The peanut warehouse didn't make it, and neither did Cousin Beedie's worm farm or Brother Billy's gas station. But a group of Georgia congressmen is seeking to set aside a good-sized chunk of the rest of Plains, Ga., as a place of honor for the nation's 39th president.
It would be called the Jimmy Carter National Historic Site, and tourists would get to see not only the former president's current ranch-style abode but also his boyhood tennis court, next to the cottage west of town where he grew up.
Not to mention the old Plains High School where he got his book learning, the railroad depot that served as his first presidential campaign headquarters, and the facade of the old Wise Hospital, where James Earl Carter Jr. became the first American president not to have been born at home.
All the properties were selected by the Carter family, according to Cindy Gillespie, an aide to Rep. Richard B. Ray (D-Ga.), who introduced the bill with the co-sponsorship of the state's entire House delegation.
"This was the most comprehensive alternative, the one they felt would be the best," she said. "This was their final cut."
The high school "goes a little beyond" the normal definition of presidentially significant sites, Gillespie acknowledged. But she hastened to add: "It's not the present Plains High School. It's a vacant building. They want to put a museum in there."
Nevertheless, the proposed historic site appears designed to win even the approval of Cousin Cheap. Not counting the Carters' home, which they already have offered to donate to the National Park Service after their deaths, the cost of the properties was estimated in 1981 at $184,000.
Promoters of the project are hoping that most of the parcels will be acquired through donations, or purchased and preserved by private groups as has been the case with dozens of properties associated with other presidents.
The Carter site would encompass about 40 acres, as well as "sufficient interest" in 85 acres of road frontage near Carter's childhood home "to preserve its undeveloped and historic character."
By contrast, Herbert Hoover, another small-town president, is commemorated in West Branch, Iowa, with a 187-acre federal park that includes not only the two-room cottage where he was born but also a replica of his father's blacksmith shop and several restored 19th-century buildings.
Abraham Lincoln's birthplace, just south of Hodgenville, Ky., is a 116-acre federal park with a huge Greek Revival structure that houses a log cabin (which may or may not contain some of the original Lincoln logs).
If the Carter proposal is modest by those standards, however, it would still give the former president an edge over some of his predecessors in the edifice of history.
Consider Millard Fillmore. The log cabin in Cayuga County, N.Y., where the nation's 13th president was born in 1800 was demolished after the family was run off the land in a title dispute, according to the park service. His boyhood home, another log cabin nearby, "seems to have disappeared."
Likewise, his long-term residence in Buffalo was demolished, and the house in which he died, also in Buffalo, was razed to make way for a modern hotel.
Today, Fillmore buffs have only a fragment of a house in East Aurora, N.Y., to visit.
A private foundation purchased it and opened it to the public even though Fillmore lived there for only four years, the house has been moved twice and only a piece of the front is original.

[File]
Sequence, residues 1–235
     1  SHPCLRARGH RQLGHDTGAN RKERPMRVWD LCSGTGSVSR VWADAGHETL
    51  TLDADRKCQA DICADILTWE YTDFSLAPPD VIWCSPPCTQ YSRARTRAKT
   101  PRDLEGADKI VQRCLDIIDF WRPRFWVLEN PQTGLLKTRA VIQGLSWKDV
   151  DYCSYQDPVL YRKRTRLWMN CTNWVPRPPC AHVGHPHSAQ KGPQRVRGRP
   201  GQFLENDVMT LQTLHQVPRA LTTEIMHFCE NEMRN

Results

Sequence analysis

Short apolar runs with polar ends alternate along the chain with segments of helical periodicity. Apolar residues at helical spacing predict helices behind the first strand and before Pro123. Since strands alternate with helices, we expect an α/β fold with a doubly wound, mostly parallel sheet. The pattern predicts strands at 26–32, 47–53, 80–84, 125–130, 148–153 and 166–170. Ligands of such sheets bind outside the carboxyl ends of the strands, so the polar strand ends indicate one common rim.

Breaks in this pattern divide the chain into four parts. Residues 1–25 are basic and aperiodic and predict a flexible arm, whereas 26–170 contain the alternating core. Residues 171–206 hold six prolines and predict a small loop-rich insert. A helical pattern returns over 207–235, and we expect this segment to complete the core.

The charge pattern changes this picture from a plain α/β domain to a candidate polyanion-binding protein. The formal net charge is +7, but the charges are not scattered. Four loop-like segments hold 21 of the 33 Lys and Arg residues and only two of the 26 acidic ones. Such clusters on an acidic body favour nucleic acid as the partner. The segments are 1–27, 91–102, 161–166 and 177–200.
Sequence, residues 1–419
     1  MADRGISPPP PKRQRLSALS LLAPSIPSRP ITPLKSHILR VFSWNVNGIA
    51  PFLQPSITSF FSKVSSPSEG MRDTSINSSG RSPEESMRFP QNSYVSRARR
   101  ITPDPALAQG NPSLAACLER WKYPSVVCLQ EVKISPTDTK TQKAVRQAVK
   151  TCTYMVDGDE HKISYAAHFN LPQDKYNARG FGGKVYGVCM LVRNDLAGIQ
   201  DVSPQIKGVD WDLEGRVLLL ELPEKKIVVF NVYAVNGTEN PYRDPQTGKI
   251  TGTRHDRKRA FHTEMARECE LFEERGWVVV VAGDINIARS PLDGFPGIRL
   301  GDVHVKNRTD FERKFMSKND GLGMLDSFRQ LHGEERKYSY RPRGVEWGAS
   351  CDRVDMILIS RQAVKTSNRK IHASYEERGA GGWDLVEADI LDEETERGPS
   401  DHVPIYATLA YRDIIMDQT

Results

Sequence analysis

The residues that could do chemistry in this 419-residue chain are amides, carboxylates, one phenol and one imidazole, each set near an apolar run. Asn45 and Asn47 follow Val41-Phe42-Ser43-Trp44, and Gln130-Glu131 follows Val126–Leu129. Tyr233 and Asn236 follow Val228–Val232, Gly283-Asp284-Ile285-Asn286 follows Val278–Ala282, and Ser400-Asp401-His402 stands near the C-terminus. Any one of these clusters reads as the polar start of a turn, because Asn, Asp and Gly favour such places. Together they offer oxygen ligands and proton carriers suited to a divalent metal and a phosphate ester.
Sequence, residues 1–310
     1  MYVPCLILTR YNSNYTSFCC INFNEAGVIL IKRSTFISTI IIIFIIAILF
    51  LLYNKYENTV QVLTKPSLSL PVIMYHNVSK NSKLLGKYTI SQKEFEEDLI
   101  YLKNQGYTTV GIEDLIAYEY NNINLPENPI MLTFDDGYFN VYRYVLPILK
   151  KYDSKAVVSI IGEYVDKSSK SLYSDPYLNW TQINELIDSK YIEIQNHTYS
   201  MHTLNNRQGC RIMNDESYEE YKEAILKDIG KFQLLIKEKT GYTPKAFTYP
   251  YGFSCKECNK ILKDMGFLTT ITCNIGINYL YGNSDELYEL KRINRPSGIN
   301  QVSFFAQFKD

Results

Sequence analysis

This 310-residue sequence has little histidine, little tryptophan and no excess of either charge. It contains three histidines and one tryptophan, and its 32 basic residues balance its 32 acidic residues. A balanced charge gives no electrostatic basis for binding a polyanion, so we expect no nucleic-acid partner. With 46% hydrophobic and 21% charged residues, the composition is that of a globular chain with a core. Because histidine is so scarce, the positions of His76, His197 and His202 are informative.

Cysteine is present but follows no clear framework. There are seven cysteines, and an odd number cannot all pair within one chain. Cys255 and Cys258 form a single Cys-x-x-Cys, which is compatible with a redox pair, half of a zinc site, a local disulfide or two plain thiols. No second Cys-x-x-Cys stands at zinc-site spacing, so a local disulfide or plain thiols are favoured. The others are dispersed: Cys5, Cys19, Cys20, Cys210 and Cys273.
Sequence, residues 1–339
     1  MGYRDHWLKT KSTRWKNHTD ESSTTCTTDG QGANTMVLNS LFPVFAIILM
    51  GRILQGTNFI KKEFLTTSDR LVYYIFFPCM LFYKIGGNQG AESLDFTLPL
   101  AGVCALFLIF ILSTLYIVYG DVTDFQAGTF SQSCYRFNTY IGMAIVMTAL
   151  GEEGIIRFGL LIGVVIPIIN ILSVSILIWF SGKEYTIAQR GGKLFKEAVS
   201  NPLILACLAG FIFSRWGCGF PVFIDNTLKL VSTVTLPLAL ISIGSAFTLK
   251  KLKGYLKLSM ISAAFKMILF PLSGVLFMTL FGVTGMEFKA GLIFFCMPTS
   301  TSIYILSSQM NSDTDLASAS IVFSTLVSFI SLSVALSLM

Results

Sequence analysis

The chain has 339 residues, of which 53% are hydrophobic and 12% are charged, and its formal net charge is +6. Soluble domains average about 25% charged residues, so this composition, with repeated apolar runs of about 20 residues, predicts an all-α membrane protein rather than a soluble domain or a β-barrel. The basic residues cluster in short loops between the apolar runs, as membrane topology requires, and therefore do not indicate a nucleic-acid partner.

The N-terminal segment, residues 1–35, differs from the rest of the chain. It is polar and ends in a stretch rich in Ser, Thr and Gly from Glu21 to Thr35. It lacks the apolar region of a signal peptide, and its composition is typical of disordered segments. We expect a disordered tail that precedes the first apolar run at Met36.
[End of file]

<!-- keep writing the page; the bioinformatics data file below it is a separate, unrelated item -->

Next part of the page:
Mindful, perhaps, of Fillmore's fate, presidential families and government historians started paying a little more attention to the former dwellings of presidents about 20 years ago.
The Johnson family set the pace in 1964 by purchasing LBJ's boyhood home in Johnson City, Tex., and reconstructing his birthplace cottage on the family ranch, more than 200 acres of which have been deeded to the park service for the Lyndon Baines Johnson National Historical Park.
John F. Kennedy's birthplace, bought and restored by the family in 1966, also is now in federal hands.
Some of the best-known presidential houses -- including George Washington's Mount Vernon -- are operated by private groups, however. The government likes to encourage that kind of private-sector initiative, for an obvious reason: while history will little note nor long remember the difference between a "national historic landmark" and a "national historic site," the Office of Management and Budget will.
The operating costs for some federal sites are relatively low (JFK's birthplace, for example, cost the government $81,000 in 1983, the most recent figures available, and Theodore Roosevelt's birthplace in downtown Manhattan cost $104,000), but others run into some real money. The LBJ ranch, for example, was budgeted at $1.45 million in 1983.
Since the Johnson administration, the Interior Department has made it a practice to ask former presidents to nominate their own commemorative sites. Dwight D. Eisenhower picked his farm near Gettysburg, Pa., citing it as the only home he and Mamie ever owned. The farm was deeded to the government in 1967, although the Eisenhowers continued to use it until their deaths in 1969 and 1979.
Harry S Truman initially declined to designate anything, but eventually agreed to let the park service designate his Independence, Mo., home and the surrounding neighborhood a national historical district.
Richard M. Nixon's birthplace in Yorba Linda, Calif., and Ronald Reagan's boyhood home in Dixon, Ill., have been purchased by private groups, although neither is yet open to the public. Gerald R. Ford's birthplace in Omaha, Neb., burned several years before he became president, but the site is commemorated by a city-owned park.